Saturday, November 07, 2009
It is hard to overstate the significance of Army Major Nidal Malik Hasan's killing of 13 people and wounding of 30 others at Fort Hood. Twelve of the dead were US soldiers. The US military is the best known instrument by which this country imposes its will upon much of the rest of the world. Many Americans have a sense of security, albeit a false one, because of their belief in the invincibility of this force. Like the bumper sticker says: These Colors Don't Run. But, on Thursday, the US military was fractured in the most horrific way possible when Hasan opened fire on his fellow soldiers.
There will be attempts to diminish what happened by characterizing Hasan as a crazed, lone gunman, an aberration. And, to a large extent, from what we know so far, that's true. Such a characterization, though, will be insufficient to overcome the crisis of confidence that will inevitably result from his attack. First, the US military isn't supposed to have a lone, crazed gunman, or, if it does, officers are supposed to make sure that they only direct their fire towards the enemy. Second, the effectiveness of the US military, and the unwillingness of the public to object to its actions abroad, can be partially explained by its existence as a multicultural institution, especially when contrasted with its enemies, always cast in fundamentalist hues, whether true or not. The presence of people from different racial, religious and culture backgrounds within an institution shaped by a white, often fundamentalist, leadership, has always been an uneasy marriage, and, the strains are going to become even more severe.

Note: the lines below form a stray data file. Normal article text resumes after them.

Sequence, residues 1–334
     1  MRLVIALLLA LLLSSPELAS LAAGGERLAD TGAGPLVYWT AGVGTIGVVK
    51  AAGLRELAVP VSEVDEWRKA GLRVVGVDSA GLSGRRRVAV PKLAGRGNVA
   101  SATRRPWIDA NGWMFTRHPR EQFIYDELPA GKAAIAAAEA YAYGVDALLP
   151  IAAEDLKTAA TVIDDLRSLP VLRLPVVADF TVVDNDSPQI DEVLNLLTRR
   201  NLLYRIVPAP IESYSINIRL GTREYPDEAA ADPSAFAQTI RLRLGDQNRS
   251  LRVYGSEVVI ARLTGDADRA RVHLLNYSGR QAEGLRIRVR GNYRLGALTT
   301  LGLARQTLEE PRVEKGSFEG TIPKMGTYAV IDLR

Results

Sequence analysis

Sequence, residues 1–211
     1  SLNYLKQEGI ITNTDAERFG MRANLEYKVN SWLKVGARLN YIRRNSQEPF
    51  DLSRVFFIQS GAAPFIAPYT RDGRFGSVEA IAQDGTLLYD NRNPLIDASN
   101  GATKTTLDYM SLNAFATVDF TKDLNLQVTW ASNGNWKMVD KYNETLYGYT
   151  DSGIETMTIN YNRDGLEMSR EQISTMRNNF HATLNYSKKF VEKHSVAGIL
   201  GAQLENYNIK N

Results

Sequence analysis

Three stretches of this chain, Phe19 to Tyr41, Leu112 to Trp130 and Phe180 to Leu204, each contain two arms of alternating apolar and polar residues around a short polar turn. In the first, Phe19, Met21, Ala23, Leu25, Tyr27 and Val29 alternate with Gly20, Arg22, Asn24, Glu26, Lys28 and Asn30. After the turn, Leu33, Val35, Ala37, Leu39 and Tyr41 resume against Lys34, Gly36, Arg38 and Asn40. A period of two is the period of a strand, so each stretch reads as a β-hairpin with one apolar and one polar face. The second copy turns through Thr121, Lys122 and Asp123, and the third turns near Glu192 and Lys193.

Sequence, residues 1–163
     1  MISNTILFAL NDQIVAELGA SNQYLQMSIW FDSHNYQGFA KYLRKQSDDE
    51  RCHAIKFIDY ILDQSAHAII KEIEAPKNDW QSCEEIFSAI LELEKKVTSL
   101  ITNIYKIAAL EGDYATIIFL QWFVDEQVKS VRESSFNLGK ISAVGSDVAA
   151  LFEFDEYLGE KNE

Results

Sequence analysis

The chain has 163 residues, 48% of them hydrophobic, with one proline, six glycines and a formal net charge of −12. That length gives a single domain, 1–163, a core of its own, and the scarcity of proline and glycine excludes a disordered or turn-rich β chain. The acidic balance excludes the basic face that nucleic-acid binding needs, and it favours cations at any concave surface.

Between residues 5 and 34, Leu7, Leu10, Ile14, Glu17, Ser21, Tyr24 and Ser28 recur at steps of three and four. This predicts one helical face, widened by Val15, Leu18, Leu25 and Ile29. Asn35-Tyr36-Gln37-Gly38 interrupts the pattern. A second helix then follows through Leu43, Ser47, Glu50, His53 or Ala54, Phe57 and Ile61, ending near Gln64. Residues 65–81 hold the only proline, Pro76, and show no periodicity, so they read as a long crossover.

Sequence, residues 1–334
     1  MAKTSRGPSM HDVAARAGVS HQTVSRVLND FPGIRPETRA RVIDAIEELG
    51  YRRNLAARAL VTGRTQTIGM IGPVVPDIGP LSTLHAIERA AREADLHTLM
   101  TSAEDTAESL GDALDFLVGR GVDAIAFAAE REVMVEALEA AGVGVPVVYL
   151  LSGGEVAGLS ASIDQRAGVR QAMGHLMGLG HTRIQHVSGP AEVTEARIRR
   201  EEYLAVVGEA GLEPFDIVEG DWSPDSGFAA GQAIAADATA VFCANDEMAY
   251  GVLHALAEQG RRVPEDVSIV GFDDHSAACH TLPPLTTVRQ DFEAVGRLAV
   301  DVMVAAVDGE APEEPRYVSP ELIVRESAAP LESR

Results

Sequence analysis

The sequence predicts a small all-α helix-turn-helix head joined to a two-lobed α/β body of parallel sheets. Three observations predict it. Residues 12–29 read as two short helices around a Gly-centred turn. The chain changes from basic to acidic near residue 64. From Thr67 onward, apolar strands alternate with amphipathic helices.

On a more practical level, I have encountered accounts where soldiers have explained their decision to re-enlist because of the bond that they formed with their fellow soldiers while in combat. They dismissed any concerns about why they had been sent and whether they were helping the populace. Instead, they expressed a need to display loyalty to the troops they had fought with during their deployment. In effect, their units became a sort of substitute family. But, the family members are now firing upon each other. As we revisit these occupations from the standpoint on the extreme stress that they have generated among people sent over to police them again and again, some proponents will resume their advocacy of a draft. Good thing we have such a steadfast leader in the White House to make sure that doesn't happen.